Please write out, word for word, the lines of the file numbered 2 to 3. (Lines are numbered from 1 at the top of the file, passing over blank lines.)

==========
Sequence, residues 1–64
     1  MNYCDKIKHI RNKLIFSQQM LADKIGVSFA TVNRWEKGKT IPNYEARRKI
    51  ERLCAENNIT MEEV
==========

     1  MNYCDKIKHI RNKLIFSQQM LADKIGVSFA TVNRWEKGKT IPNYEARRKI
    51  ERLCAENNIT MEEV